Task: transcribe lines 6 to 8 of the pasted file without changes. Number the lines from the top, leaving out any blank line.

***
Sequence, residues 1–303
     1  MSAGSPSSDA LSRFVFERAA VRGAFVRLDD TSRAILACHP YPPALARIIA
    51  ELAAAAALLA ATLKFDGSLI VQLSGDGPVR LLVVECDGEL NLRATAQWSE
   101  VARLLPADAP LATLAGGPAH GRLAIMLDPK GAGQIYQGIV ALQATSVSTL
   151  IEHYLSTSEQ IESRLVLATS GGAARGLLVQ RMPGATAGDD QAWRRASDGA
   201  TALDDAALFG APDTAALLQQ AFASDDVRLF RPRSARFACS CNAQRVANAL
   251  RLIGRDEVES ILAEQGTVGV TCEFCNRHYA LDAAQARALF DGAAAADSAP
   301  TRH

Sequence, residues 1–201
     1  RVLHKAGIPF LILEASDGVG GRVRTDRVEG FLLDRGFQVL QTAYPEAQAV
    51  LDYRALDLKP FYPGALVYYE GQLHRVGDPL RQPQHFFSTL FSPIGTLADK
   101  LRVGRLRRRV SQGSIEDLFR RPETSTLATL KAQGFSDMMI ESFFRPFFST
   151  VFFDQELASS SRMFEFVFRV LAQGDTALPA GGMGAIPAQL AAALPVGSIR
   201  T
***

   201  TALDDAALFG APDTAALLQQ AFASDDVRLF RPRSARFACS CNAQRVANAL
   251  RLIGRDEVES ILAEQGTVGV TCEFCNRHYA LDAAQARALF DGAAAADSAP
   301  TRH